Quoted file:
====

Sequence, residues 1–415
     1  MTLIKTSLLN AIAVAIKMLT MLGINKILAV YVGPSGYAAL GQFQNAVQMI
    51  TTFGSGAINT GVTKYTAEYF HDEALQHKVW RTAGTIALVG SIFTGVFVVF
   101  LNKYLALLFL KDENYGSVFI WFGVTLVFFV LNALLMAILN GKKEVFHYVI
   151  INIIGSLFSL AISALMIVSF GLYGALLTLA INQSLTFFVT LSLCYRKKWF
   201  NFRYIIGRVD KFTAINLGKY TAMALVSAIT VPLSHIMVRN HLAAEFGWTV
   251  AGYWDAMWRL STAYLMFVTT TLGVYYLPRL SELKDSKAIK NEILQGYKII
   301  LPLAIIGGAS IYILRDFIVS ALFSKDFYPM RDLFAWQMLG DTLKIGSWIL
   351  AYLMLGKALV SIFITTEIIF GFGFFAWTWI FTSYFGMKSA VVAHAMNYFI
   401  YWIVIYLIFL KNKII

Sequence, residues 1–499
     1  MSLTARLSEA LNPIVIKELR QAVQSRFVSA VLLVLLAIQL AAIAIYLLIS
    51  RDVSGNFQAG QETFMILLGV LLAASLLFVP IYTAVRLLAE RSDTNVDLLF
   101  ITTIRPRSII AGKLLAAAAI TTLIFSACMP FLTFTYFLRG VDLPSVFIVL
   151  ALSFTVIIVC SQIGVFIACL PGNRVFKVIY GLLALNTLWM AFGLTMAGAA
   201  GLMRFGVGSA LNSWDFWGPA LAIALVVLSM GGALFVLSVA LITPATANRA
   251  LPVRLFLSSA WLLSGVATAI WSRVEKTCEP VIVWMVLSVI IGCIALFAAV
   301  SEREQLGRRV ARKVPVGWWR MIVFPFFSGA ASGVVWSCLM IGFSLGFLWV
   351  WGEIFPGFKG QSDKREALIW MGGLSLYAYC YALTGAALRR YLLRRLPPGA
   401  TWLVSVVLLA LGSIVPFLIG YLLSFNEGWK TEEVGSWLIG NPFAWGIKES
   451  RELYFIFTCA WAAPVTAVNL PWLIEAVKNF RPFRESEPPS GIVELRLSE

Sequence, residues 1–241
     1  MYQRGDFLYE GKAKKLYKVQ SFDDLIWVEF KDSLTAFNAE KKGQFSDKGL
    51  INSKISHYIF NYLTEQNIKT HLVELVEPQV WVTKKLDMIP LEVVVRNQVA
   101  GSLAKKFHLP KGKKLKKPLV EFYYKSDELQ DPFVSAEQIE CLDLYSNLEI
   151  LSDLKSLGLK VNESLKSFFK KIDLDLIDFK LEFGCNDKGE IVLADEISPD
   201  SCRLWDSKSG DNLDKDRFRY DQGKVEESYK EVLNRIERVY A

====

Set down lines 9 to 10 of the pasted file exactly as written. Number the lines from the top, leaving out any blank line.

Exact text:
   351  AYLMLGKALV SIFITTEIIF GFGFFAWTWI FTSYFGMKSA VVAHAMNYFI
   401  YWIVIYLIFL KNKII